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Every so often, whether you work in digital or not, one visits a website and gets a slap across the face. One dawdles for a moment, scrolling around and wondering how web design has come so far in such a short period of time.
Colston Hall is one of these websites. OK, it’s a fairly sizeable concert hall in Bristol, England, but still, it’s in the arts sector, this isn’t meant to be so slick, right?
Cecile Eschenauer kindly pointed us to Colston Hall’s website, designed by Palace, after reading Chris Lake’s article on colour and UIs.
Looking at comparable venues (e.g. York Barbican, Newcastle’s Metro Arena) Colston Hall is way ahead, it’s in the future. Other small and medium arts spaces are going to have to catch up, or miss out on maximising ticket sales.
Conversion optimisation is great, but to some extent it works on the premise that customers know what they’re looking for. Ok, checkouts, calls to action, merchandising should always be finessed, but optimisation is a means of squeezing more from specific intent.
But what if moving the customer towards the magpie psyche is the future of selling online?
A new ecommerce model is emerging and it works on the premise that customers can be encouraged to ‘bag at will’. All retailers need to do is surface rarer, quality products that are socially proven and most importantly look great.
From A1 Steak Sauce to Easy Cheese, from Maxwell House to Vegemite, Kraft is a behemoth.
And in the food and drink sectors, content marketing seems to be a cinch. Pushing people to recipes and adding some fun around holidays, seasons, special edition products and family lifestyle are all the order of the day.
I’m just going to picture a few of the Kraft brands here, fairly simply, but go and check them out.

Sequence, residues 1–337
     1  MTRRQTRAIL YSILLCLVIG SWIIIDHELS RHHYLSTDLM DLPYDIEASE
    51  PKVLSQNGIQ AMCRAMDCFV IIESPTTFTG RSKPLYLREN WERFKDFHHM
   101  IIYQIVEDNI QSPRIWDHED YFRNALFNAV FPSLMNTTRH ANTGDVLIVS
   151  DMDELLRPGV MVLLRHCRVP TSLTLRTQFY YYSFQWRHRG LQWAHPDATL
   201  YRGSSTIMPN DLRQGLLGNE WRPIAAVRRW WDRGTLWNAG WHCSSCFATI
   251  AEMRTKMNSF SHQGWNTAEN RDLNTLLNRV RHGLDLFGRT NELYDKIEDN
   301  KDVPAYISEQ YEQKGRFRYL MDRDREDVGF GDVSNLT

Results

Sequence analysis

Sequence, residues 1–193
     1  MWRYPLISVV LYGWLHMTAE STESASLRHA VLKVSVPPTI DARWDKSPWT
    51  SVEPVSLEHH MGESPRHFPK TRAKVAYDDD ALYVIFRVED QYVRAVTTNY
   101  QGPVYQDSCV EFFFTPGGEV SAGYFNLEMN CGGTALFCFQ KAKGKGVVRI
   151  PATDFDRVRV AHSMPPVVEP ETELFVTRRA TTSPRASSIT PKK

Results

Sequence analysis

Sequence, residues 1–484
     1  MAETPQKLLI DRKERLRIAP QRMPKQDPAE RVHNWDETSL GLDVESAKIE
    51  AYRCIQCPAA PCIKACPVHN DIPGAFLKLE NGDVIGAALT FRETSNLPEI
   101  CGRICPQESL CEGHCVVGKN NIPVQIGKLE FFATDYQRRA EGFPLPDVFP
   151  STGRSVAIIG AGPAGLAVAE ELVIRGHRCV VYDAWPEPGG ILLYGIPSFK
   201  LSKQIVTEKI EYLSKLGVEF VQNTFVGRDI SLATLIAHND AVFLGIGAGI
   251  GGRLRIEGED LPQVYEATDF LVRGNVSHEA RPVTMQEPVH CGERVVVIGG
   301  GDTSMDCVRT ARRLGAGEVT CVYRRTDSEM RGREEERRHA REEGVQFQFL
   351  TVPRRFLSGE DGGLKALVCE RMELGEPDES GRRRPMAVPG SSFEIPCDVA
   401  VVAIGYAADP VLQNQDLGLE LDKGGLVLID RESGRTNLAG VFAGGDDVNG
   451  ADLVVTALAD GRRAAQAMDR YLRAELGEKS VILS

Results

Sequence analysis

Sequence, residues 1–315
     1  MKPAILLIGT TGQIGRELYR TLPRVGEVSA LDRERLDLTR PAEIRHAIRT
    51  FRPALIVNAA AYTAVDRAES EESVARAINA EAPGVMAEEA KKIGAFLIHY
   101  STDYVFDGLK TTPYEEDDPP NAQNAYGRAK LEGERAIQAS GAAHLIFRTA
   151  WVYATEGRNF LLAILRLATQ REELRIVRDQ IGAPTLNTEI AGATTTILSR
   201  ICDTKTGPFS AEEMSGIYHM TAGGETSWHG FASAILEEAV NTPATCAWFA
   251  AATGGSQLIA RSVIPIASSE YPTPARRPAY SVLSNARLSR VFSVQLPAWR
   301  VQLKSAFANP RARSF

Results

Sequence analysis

Good afternoon illustrious readers! Welcome back to our alternative to the big newspaper editorials. Where else can you find hard hitting opinion as in Econsultancy's interweb round up of crazy stuff?
I would say it's been a vintage week, and I will, because it has. Enjoy!
Hat tipped to Matt Owen for finding most of these. Enjoy your severance pay, Matt!
BTW, the glorious top image is from The Wurzel's Facebook page.
Web prototyping is continually evolving. The holy grail is perhaps a web app easily shared between management, developers and clients, with low latency, high performance and flexibility.
Clickmodels is trying to solve this problem, and I spoke to Jurriaan van Drunen, co-founder.
‘Firstdirect is like the platypus of banks, a little bit different’. This is correct, and the ad can be considered a televisual success.
However, online, apart from a well-deployed and anonymous teaser video, the campaign’s lack of fecundity is its main similarity with the platypus.
I’ve had a little look at this curate’s egg of a campaign, with some good and bad bits revealed.
Twitter is entertainment, so it goes without saying that a humorous Twitter account is going to get followers, reach and engagement.
Here are some of the brands that have decided to navigate (or not) the governance needed to keep a funny and risqué Twitter account in check.
Although these companies are often in industries where rules of taste are fairly relaxed, all have done well in using belly laughs or sass to their benefit.
Kenneth Cole’s ‘personal’ Twitter account has a bio that states ‘My tweets are not representative of the corporate @kennethcoleprd feed’.
This poses some questions about governance. Is a tagline of ‘views my own’ inoculation against scandal?
The answer is ‘you’re missing the point’, as is Kenneth.
Welcome to you all! This is without doubt the greatest interweb round up of this nascent series of greatness.
Wipe that drool off your chin and dig in to the great bowl of deeply unsatisying tinned chilli that is the internet.